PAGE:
The Obama Administration’s Dollar Devaluation lowers the Cost of Living in Britain

Posted by PITHOCRATES - October 6th, 2013

Week in Review

The British economy appears to be turning the corner.  Of course, they have an advantage over the American economy.  They’re not stuck buying petrol with a devalued American dollar (see UK economy growing at fastest rate in the developed world by Philip Aldrick, and Steve Hawkes posted 10/3/2013 on The Telegraph).

And there were hopes tonight that the signs of life could help tackle the cost of living, with a strong pound helping to push down the cost of petrol, which is traded globally in US dollars.

There are two primary forces that determine the price of gasoline.  Supply and demand.  And the strength of the US dollar.

Thanks to the worst economic recovery since that following the Great Depression, gasoline is not in as great of demand as it once was.  Before President Obama became president.  With so many people having left the labor force people just don’t have the money to put into their gas tanks.  Hence the ‘staycation’.  Spending the family vacation at home.  Doing fun things in the backyard.  Like cutting the grass.  And then when the kids’ chores are done there’s hotdogs on the grill.  Can a week at Disneyland compare to that?

Even though we’re buying less gas gasoline prices are still pretty high.  Why?  Because unlike the British we buy our gasoline with devalued dollars.  Due to all of that quantitative easing.  Printing money to buy treasury bonds.  To stimulate the economy.  Where only the rich Wall Street traders who buy and sell these bonds are getting stimulated.

With more money in circulation chasing the same goods and services in the economy it takes more dollars to buy what they once did.  Including gasoline.  Especially gasoline.  For the higher price of gas can be hidden in other products by reducing the package size of the product sold.  Such as smaller cereal boxes.  The prices may not be going up on cereal but we have to buy cereal more often.  Spending more money in the long run.  The higher price of gasoline (due to a weaker dollar) makes everything more expensive in the supply chain that ultimately puts those boxes of cereal on the supermarket shelf.  Ditto for everything else that is moved with gasoline or diesel.  But they can’t shrink the package size of gasoline to hide the added cost from the devalued dollar.  Because they sell gasoline by a fixed measurement.  We buy it by the gallon.  We don’t buy it by the box.  If we sold cereal by a fixed measurement we’d see cereal prices rising a lot higher than they are now.  But they’re not. So the boxes are getting smaller.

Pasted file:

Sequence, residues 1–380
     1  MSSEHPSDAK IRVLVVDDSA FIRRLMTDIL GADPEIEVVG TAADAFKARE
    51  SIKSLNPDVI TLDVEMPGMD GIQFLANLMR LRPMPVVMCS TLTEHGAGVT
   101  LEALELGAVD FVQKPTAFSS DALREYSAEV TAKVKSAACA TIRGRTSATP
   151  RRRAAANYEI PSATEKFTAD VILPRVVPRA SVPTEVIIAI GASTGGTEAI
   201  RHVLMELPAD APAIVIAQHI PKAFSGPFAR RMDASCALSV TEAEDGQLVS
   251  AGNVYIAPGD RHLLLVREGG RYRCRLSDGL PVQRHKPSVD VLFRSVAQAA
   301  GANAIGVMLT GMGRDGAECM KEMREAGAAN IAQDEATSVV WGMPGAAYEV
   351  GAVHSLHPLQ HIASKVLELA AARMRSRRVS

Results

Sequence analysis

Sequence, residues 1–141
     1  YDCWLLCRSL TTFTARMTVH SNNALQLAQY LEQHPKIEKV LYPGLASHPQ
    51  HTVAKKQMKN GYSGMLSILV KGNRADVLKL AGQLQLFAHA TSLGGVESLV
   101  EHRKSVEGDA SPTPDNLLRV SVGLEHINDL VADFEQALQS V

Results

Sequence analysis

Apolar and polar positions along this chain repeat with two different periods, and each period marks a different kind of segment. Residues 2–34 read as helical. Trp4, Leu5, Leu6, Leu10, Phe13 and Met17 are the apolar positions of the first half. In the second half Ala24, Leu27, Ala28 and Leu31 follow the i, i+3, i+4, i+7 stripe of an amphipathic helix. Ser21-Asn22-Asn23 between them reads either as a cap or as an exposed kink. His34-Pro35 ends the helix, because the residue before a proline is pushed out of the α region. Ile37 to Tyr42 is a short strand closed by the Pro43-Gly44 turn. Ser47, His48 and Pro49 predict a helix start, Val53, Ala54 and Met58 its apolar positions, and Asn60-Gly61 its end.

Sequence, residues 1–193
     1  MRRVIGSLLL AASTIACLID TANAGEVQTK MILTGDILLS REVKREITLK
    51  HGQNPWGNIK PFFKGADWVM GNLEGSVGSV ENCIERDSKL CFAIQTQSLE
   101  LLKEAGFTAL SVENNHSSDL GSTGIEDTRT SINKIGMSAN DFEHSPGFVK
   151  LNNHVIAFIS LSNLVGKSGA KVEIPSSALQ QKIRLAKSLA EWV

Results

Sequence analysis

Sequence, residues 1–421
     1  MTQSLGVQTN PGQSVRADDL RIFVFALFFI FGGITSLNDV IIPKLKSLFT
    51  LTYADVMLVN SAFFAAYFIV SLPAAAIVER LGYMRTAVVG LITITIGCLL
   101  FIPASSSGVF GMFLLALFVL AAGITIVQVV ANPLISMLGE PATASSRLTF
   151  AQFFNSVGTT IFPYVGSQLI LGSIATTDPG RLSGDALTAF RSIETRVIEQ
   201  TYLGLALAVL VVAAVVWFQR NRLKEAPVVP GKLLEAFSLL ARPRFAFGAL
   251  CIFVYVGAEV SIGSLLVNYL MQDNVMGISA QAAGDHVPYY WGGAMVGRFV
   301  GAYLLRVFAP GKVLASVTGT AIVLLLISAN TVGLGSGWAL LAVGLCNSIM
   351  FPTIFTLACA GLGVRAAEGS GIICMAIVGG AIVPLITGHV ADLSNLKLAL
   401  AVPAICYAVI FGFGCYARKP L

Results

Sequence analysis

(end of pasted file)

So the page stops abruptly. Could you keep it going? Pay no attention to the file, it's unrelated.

The British pound is stronger than the US dollar.  So when the British buy oil on the world market they exchange stronger pounds for weaker dollars.  Getting more dollars in exchange for their pounds.  Removing the U.S. price inflation (due to the devalued dollar) from the price of oil.  Lowering the cost of oil in Britain.  And lowering costs throughout the British supply chain.  Which will help lower the British cost of living.  Making life easier for the British consumer.  Because the British are more responsible with their currency than the Obama administration is with the American currency.


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